MEDWAY, Maine — Several town officials have formed a committee that will work in tandem with environmentalist and entrepreneur Roxanne Quimby to push Congress to authorize a feasibility study of her plan to turn 70,000 acres adjoining Baxter State Park into a national park, they said Wednesday.
The committee, co-chairman Bruce Cox said, will look to get all Maine residents behind the effort, not just those from the Katahdin region, but it will concentrate its efforts in northern Maine.
The panel hopes that if a study is done and it shows the proposal is feasible, a park can be established well ahead of Quimby’s five-year timeline, given the region’s 21.8 percent unemployment rate.
“We have to get moving. This is too important to take a laid-back approach like that,” co-chairman George McLaughlin said of Quimby’s hope to make a gift of her land to the federal government in 2016.
The National Park Regional Citizen Evaluation Committee will have several subcommittees with an overall goal of examining the 70,000 acres’ qualifications for designation as a national park and understanding a park’s potential economic and social impacts on the area and the state.
It also will examine the National Park Service’s ability to manage the park and work to jointly promote ecofriendly tourist and manufacturing jobs in the Katahdin region, according to the group’s mission statement.
One of the group’s first goals, McLaughlin said, is to arrange tours of the land to allow residents to see for themselves what potential the land has as a tourist destination.
“We have a lot of questions we want to answer,” said Cox, who is chairman of the Medway Board of Selectmen but who, like other town officials, is working on the committee privately, not as a selectman. “We welcome all of your questions. We want people to be as well-informed on this as they can be.”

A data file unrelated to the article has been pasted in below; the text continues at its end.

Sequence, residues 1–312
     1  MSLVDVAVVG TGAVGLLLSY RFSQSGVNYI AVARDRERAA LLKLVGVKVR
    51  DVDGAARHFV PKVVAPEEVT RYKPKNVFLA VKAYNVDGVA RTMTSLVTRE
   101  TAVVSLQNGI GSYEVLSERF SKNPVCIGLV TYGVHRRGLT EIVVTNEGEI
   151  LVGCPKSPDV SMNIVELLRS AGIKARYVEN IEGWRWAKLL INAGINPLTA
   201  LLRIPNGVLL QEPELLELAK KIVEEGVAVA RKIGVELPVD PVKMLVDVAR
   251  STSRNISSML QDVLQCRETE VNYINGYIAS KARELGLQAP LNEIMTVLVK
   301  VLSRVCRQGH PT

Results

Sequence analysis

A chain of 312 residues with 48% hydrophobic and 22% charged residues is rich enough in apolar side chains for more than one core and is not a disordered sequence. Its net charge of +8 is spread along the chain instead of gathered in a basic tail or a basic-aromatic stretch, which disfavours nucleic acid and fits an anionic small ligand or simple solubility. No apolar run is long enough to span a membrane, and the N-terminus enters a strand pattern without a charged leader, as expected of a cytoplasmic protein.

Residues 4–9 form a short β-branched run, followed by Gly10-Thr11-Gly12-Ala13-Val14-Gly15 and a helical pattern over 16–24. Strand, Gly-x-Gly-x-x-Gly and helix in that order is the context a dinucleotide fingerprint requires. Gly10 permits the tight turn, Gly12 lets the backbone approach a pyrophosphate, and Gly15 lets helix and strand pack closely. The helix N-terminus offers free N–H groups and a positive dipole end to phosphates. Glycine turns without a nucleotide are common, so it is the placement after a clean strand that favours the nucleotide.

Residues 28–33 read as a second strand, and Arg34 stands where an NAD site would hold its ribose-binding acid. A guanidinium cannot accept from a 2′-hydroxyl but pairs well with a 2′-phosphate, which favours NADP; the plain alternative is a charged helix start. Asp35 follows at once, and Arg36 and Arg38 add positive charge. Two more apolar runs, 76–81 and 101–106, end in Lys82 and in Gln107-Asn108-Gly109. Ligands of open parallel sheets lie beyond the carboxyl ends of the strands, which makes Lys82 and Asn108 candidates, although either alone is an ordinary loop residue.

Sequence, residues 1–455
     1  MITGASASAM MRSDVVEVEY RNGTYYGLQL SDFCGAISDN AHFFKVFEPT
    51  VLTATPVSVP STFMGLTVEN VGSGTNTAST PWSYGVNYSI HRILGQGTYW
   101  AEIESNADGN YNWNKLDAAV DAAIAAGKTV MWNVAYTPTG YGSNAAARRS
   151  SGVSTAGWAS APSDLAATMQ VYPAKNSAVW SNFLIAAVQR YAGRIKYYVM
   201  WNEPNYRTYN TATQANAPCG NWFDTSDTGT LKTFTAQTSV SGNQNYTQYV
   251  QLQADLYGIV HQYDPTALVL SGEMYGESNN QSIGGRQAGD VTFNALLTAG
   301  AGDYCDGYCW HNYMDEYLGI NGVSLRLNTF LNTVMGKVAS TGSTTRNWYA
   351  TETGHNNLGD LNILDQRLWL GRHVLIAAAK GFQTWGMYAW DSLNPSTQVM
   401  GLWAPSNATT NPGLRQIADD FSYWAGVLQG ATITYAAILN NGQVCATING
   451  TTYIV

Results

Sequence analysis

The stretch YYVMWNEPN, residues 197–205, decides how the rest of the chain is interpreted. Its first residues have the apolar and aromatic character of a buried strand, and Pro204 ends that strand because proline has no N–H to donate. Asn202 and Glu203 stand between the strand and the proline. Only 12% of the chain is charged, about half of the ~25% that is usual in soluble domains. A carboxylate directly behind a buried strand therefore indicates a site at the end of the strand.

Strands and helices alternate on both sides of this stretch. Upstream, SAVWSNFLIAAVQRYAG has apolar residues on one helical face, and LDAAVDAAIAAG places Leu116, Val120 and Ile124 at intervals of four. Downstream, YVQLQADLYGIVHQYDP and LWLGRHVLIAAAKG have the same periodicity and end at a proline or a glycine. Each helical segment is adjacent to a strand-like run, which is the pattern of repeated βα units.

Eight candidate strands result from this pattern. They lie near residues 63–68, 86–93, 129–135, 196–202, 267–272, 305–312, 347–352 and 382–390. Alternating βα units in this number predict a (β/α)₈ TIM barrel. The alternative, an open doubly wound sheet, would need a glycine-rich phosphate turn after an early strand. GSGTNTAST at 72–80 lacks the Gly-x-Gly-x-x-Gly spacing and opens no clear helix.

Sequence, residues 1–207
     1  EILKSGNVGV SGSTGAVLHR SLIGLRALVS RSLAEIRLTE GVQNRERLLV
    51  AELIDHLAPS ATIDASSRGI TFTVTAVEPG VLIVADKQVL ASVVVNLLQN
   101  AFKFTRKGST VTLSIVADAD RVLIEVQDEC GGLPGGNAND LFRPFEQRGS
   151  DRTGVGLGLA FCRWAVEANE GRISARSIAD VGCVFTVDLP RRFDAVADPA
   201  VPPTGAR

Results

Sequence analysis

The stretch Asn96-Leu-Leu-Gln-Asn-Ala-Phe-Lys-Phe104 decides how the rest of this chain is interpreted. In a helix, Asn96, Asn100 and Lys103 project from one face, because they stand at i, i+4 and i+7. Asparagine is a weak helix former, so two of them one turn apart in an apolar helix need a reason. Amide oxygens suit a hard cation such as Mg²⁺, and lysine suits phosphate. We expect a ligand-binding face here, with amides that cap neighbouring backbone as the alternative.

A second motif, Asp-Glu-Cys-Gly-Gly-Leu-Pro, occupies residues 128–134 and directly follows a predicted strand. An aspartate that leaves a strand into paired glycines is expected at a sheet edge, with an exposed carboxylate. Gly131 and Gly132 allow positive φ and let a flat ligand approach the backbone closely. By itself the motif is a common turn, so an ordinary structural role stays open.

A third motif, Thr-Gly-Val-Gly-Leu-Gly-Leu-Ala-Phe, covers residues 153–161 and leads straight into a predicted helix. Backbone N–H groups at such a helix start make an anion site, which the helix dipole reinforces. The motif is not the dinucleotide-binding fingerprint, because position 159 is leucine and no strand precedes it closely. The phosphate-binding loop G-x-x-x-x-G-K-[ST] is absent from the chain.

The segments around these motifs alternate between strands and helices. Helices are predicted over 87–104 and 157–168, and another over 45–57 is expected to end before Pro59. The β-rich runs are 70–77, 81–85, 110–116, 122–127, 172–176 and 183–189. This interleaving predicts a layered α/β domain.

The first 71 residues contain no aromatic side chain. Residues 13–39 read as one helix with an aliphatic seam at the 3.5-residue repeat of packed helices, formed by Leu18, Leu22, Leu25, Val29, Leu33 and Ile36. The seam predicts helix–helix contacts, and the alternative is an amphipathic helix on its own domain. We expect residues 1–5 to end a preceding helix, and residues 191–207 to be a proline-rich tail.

The Legislature passed a resolve in June opposing Quimby’s initiative, through which she hopes to create a Maine Woods National Park. The park would be nearly twice the size of Acadia National Park. Sportsmen would get another 30,000 acres north of Dover-Foxcroft to be managed like a state park, with hunting and snowmobiling allowed.
Another 10 million acres of forestland nearby would be unaffected.
Park proponents said that Quimby’s proposal would draw hundreds of thousands of tourists to a Katahdin region with an unemployment rate nearly triple the state average, shuttered paper mills, a dying forest products industry and no other significant investors apparently willing to put money into the region.
The park would be virtually self-sustaining with Quimby’s promise to raise $20 million to add to a $20 million maintenance endowment she would create, they said.
Opponents have cited fears of damaging state efforts to revitalize the region’s two paper mills, which if restarted could employ about 600 people at manufacturing wages, which are generally higher than tourism wages; of granting federal government control and tax-exempt status to the 70,000 acres and hurting forest products industry lands; and of the park growing much larger than 70,000 acres.
Maine’s two Republican senators, the Maine Woods Coalition, the Millinocket Town Council and the Millinocket Fin and Feather Club have opposed or expressed skepticism about Quimby’s plan.
Medway’s school board, Board of Selectmen and several Katahdin region civic and business groups have supported a feasibility study. East Millinocket’s Board of Selectmen has elected not to take a position on the issue, and that town’s school board deadlocked on a vote supporting a study.
Gov. Paul LePage has yet to give his stance on Quimby’s proposal.
Mark Scally, chairman of the East Millinocket Board of Selectmen, said he was told the governor is vehemently opposed to a feasibility study but that efforts to create one, or to build a national park, have had no impact upon the state’s efforts to secure a buyer to revitalize the East Millinocket and Millinocket paper mills.
A spokeswoman for LePage declined to comment on the issue Wednesday.
John Raymond, a town councilor from Millinocket, said he was told by Rosaire Pelletier, one of state government’s leading forest products industry advisers, that efforts to create a national park were not helping the state’s efforts to revitalize the Katahdin paper mills.
Mark Marston, an East Millinocket selectmen, said Wednesday that he had heard the same thing from Pelletier, that the timing of the parks effort was “inappropriate.”